3 Ways to Use Money to Meet Needs
Perhaps there is no more poignant story in the New Testament than that of the Macedonian believers giving to help others in need. According to Paul’s writing, a famine in Judea had caught the attention of the Macedonians. Paul and his companions were receiving an offering to support those affected by the famine. Due to the poor financial condition of the Macedonians, Paul expected them not to contribute much, if at all. He explained it like this:
“During a severe testing by affliction, their abundance of joy and their deep poverty overflowed into the wealth of their generosity. I testify that, on their own, according to their ability and beyond their ability, they begged us insistently for the privilege of sharing in the ministry to the saints, and not just as we had hoped. Instead, they gave themselves especially to the Lord, then to us by God’s will” (2 Corinthians 8:2-5, HCSB).
We live in a culture heavily influenced by money. We are rarely encouraged to live lives of contentment. We are encouraged to give to an emotional appeal accompanied by heart-rending photos or stories. It really is sad that we are left to be motivated by those kinds of images.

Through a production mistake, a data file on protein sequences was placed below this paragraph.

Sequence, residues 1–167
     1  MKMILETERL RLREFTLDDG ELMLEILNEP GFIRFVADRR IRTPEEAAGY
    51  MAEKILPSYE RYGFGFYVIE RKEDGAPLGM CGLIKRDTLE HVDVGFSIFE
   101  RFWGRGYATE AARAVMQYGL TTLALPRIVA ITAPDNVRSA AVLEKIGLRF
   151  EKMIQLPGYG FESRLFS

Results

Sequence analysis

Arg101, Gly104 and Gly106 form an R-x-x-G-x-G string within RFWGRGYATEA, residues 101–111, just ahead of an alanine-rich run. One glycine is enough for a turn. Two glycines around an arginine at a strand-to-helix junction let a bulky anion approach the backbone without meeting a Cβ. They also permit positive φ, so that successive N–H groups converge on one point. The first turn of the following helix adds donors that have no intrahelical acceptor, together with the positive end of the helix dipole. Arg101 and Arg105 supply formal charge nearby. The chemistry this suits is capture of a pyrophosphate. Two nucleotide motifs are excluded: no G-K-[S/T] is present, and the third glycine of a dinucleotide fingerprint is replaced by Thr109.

What if we strove to meet the needs of others because it honored God and demonstrated the ethics of His kingdom?
As my son Nick and I were writing this unit, we thought about it like this:
Some of us are good at setting a budget and even sticking with it. Others of us have good intentions and we keep telling ourselves we need to live within a budget, but fail to do so. The budgets we set speak volumes about who we are. Where does giving and meeting the needs of others fall into our spending?1
Certainly there is nothing wrong with budgeting, especially when it helps us be better managers of all God has entrusted to us. But, if budgeting only serves as a more efficient means of accumulating possessions, we might need a spirit check.
Here are three ways to make sure our giving to others remains a priority in our financial lives:
First, remember that the Owner can shift His assets as He pleases.
If God owns everything, then He has the right to move those possessions from manager to manager as it fits His kingdom purposes. If we are not obedient financially, then we actively hinder the work of God.
Second, remember that giving is part of our budgeting.
Reducing debt is important, especially debt we incurred through unwise choices. But, let us not limit the purpose of budgeting to that end alone. We need to strategically give as well. Giving should be a priority in our budgeting.
Third, remember that giving should bring joy.
Giving was birthed in the heart of God, and giving reflects that heart. Giving, as Paul noted, should not be done because we are forced. It also should not happen in a way that our hearts begrudge our giving. “Each person should do as he has decided in his heart – not reluctantly or out of necessity, but God loves a cheerful giver” (2 Corinthians 9:7, HCSB).
Let us plan to give, prepare to give, and then give with joy! God will be honored and we will be an active participant in His divine generosity.
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